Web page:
Thanks Katie--I'm enjoying both the garden AND the much-easier photo posting process of the new and improved LTH!!
    "Knowledge is knowing a tomato is a fruit; wisdom is not putting it in a fruit salad." Miles Kington
  • Post #42 - July 2nd, 2014, 11:22 pm
    Post #42 - July 2nd, 2014, 11:22 pm Post #42 - July 2nd, 2014, 11:22 pm
    What kind of pepper is that, in the second picture, from the A Few More post??

    I tried to quote it and copy it but I can't get the picture into this reply.

    Anyhow, the reason I ask, is, I picked one off my Jalapeno plant the other day that looked just like that. I wondered if it was deformed, or if I got an oddball pepper plant mixed in with my Jalapeno's.

    Tim
  • Post #43 - July 2nd, 2014, 11:37 pm
    Post #43 - July 2nd, 2014, 11:37 pm Post #43 - July 2nd, 2014, 11:37 pm
    Shishitos--my absolute favorite. I asked my guy at the garden center I get most of my seedlings at if he'd heard of them last year and he remembered and grew them for me this year. I was pretty psyched when I saw them and they've done really well already and are loaded with blossoms. Blistered on a cast iron skillet on the grill, sprinkle of salt and pepper--so delicious!! Definitely not a jalapeño. Generally not that spicy although you'll get hot ones mixed in.
    "Knowledge is knowing a tomato is a fruit; wisdom is not putting it in a fruit salad." Miles Kington
  • Post #44 - July 3rd, 2014, 12:03 am
    Post #44 - July 3rd, 2014, 12:03 am Post #44 - July 3rd, 2014, 12:03 am
    Mine are full of blossoms too. I only had one pepper on that plant though. The rest of the plants all had at least one Jalapeno on them, so I know they are right. I'll try to cook them up as you suggest, when we get a few more, maybe they will get their own row in the garden next year..... always good to try new things.

    Tim
  • Post #45 - July 3rd, 2014, 12:16 am
    Post #45 - July 3rd, 2014, 12:16 am Post #45 - July 3rd, 2014, 12:16 am
    Look forward to hearing what you think!!
    "Knowledge is knowing a tomato is a fruit; wisdom is not putting it in a fruit salad." Miles Kington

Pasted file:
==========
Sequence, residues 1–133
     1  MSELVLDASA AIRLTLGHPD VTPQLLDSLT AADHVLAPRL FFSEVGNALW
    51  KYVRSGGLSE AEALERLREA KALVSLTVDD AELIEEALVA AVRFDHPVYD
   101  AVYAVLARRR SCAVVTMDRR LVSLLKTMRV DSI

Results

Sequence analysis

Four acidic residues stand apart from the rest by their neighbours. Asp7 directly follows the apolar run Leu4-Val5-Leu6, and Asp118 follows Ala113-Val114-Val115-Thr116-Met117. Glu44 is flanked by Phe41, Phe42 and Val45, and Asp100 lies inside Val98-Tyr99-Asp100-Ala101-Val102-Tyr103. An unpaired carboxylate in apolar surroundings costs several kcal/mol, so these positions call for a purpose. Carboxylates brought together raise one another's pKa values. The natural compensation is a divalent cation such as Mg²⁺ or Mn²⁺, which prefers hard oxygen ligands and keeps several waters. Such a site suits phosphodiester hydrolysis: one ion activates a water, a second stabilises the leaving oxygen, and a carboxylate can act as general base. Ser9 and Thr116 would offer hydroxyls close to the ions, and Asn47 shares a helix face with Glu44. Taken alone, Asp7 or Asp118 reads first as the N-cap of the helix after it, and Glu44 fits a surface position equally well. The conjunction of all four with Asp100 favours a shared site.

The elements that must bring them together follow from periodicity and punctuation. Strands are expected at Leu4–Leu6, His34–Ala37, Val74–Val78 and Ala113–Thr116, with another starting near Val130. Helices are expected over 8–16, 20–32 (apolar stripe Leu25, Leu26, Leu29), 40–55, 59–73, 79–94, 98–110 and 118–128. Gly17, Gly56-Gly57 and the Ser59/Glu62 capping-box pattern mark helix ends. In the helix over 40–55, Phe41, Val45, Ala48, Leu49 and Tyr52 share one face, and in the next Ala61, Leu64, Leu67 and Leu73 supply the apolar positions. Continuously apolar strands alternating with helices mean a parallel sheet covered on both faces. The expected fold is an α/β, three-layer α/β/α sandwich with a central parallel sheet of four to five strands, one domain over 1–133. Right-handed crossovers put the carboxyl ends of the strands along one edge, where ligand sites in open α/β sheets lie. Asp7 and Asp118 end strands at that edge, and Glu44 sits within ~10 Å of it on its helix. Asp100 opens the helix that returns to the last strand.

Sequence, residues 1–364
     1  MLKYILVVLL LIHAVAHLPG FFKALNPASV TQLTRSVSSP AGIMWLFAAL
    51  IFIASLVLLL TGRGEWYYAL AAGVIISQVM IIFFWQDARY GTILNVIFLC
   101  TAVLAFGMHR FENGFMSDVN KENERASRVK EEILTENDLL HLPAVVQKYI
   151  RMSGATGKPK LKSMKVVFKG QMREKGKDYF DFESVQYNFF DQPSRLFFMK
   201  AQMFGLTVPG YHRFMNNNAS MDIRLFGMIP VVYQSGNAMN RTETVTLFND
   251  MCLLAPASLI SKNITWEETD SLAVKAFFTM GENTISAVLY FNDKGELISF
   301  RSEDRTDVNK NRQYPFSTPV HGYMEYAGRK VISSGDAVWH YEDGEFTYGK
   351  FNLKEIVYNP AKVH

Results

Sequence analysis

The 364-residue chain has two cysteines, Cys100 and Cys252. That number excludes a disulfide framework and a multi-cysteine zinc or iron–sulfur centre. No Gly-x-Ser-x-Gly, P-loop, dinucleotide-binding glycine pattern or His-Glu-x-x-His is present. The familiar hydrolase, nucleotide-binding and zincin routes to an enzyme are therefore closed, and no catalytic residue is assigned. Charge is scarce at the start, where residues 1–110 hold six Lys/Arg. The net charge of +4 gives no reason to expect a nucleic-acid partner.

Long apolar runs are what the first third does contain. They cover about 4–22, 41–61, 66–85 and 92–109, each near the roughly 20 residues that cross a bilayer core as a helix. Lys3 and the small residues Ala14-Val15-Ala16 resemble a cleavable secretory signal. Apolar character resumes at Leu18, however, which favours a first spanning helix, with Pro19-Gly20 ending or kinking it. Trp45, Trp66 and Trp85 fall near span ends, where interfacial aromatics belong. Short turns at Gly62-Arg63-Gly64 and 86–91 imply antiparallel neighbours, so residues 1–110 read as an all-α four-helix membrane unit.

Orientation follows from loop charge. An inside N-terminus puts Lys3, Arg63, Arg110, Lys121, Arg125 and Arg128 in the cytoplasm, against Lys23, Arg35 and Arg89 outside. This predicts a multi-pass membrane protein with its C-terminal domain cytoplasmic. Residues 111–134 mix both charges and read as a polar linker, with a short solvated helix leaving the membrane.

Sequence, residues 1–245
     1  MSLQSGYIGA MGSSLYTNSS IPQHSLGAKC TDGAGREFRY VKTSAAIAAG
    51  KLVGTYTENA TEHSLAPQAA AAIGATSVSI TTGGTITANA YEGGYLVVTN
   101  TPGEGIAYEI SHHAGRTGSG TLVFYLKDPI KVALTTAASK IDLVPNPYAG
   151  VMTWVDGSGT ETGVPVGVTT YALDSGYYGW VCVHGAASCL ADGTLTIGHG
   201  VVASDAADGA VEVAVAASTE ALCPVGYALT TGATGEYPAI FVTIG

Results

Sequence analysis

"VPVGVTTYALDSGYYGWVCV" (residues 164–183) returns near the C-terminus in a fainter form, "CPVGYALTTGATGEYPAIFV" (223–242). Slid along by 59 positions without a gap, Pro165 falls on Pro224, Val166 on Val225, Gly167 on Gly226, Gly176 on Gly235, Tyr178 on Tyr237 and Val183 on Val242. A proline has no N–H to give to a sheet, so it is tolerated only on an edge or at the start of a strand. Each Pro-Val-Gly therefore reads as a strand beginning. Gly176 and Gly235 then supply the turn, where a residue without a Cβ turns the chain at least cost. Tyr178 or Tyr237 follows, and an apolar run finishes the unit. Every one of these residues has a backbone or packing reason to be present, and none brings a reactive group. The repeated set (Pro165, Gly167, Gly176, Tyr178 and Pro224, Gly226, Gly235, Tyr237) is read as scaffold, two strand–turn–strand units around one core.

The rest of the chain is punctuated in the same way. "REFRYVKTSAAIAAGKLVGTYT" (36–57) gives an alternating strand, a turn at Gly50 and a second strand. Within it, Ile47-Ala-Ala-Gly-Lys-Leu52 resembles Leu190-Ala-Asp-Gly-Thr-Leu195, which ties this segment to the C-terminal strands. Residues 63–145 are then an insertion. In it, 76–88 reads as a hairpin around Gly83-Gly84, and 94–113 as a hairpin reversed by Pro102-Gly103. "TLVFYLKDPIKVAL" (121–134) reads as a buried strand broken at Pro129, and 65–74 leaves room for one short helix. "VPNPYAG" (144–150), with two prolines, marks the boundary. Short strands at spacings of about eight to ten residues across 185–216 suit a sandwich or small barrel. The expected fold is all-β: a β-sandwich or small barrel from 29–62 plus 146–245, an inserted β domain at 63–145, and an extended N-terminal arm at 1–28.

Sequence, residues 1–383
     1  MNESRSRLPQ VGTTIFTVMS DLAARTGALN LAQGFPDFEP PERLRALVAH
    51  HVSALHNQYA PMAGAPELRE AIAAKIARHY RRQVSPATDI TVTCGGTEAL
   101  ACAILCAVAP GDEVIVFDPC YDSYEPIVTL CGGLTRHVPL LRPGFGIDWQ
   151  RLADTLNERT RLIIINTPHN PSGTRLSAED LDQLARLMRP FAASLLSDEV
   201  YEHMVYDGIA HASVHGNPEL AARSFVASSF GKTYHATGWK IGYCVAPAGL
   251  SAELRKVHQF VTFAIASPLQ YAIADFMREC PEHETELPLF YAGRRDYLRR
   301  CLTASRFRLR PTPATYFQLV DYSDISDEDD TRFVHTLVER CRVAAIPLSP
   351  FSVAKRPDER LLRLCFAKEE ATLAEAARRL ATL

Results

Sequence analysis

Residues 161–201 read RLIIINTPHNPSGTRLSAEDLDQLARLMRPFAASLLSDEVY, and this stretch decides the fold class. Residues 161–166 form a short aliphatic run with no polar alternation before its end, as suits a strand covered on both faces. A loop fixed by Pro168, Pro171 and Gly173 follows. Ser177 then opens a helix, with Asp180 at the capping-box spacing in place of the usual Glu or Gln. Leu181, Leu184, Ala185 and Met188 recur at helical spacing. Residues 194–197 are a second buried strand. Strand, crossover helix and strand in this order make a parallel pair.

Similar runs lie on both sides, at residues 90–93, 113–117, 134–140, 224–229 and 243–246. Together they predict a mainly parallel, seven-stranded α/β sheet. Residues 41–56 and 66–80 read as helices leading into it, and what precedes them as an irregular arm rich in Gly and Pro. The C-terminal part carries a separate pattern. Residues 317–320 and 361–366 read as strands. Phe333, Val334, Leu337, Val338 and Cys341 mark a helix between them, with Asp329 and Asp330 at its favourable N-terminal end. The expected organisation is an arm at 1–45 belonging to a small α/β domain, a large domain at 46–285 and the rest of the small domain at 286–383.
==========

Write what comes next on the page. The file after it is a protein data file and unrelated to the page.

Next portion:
• Post #46 - July 3rd, 2014, 9:08 am
    Post #46 - July 3rd, 2014, 9:08 am Post #46 - July 3rd, 2014, 9:08 am
    boudreaulicious wrote:Shishitos--my absolute favorite. I asked my guy at the garden center I get most of my seedlings at if he'd heard of them last year and he remembered and grew them for me this year. I was pretty psyched when I saw them and they've done really well already and are loaded with blossoms. Blistered on a cast iron skillet on the grill, sprinkle of salt and pepper--so delicious!! Definitely not a jalapeño. Generally not that spicy although you'll get hot ones mixed in.

    I'll definitely consider shishitos next year -- an abundance of jalapenos is only moderately useful, but I can certainly put a bushel of shishitos to good use at a single party, and at $15/lb at the grocer, it's a good value to grow yourself.
    What is patriotism, but the love of good things we ate in our childhood?
    -- Lin Yutang
  • Post #47 - July 3rd, 2014, 9:31 am
    Post #47 - July 3rd, 2014, 9:31 am Post #47 - July 3rd, 2014, 9:31 am
    They're considerably cheaper than that at Asian grocers and they are very light so you get a bucketload to the pound. But I love being able to go out and grab a bunch and grill them up fresh--can't buy that at the store. Plus they're very prolific for a pretty small plant. So happy to have them this summer!!
    "Knowledge is knowing a tomato is a fruit; wisdom is not putting it in a fruit salad." Miles Kington
  • Post #48 - July 3rd, 2014, 10:17 am
    Post #48 - July 3rd, 2014, 10:17 am Post #48 - July 3rd, 2014, 10:17 am
    I grow Shishitos from seed. This year the bunnies munched on the first set of leaves so the plants are a bit behind. Should have boatloads by August.

    currently out of stock but here's the link anyway
    baker creek seeds
  • Post #49 - July 3rd, 2014, 10:40 pm
    Post #49 - July 3rd, 2014, 10:40 pm Post #49 - July 3rd, 2014, 10:40 pm
    I had to move at the beginning of June, so I didn't plant in the three boxes I built for last year's garden. At the last minute, I was given a space at the community garden just down the block from me, so I decided to see if I could pull up the boxes and bring them. We shoveled the dirt into a few garbage cans and brought that, too. But this is really, really late to be starting a garden. All I have in there are a few tomatoes (cherry and slicers), a jalapeno, a bed of kale (Russian flat and Scotch curly), a zucchini, a pattypan, a cucumber, and a bell pepper. I've also got basil, tarragon, oregano, dill, thyme, mint, rosemary, Thai pepper, and cilantro, mostly in pots on my back deck here in the new apartment. I might build one more box for the community garden and grow some greens. I'd put up a photo but my plants look so measly compared to the above shots!
    “Assuredly it is a great accomplishment to be a novelist, but it is no mediocre glory to be a cook.” -- Alexandre Dumas

    "I give you Chicago. It is no London and Harvard. It is not Paris and buttermilk. It is American in every chitling and sparerib. It is alive from tail to snout." -- H.L. Mencken
  • Post #50 - July 4th, 2014, 12:38 am
    Post #50 - July 4th, 2014, 12:38 am Post #50 - July 4th, 2014, 12:38 am